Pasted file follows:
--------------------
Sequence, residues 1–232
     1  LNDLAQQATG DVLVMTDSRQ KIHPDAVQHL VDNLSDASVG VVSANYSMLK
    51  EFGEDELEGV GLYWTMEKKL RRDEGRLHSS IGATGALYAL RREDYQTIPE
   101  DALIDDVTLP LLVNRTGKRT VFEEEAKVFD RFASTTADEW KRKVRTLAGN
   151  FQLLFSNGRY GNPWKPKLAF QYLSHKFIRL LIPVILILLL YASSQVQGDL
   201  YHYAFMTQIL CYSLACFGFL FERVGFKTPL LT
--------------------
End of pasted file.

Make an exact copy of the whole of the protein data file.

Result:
Sequence, residues 1–232
     1  LNDLAQQATG DVLVMTDSRQ KIHPDAVQHL VDNLSDASVG VVSANYSMLK
    51  EFGEDELEGV GLYWTMEKKL RRDEGRLHSS IGATGALYAL RREDYQTIPE
   101  DALIDDVTLP LLVNRTGKRT VFEEEAKVFD RFASTTADEW KRKVRTLAGN
   151  FQLLFSNGRY GNPWKPKLAF QYLSHKFIRL LIPVILILLL YASSQVQGDL
   201  YHYAFMTQIL CYSLACFGFL FERVGFKTPL LT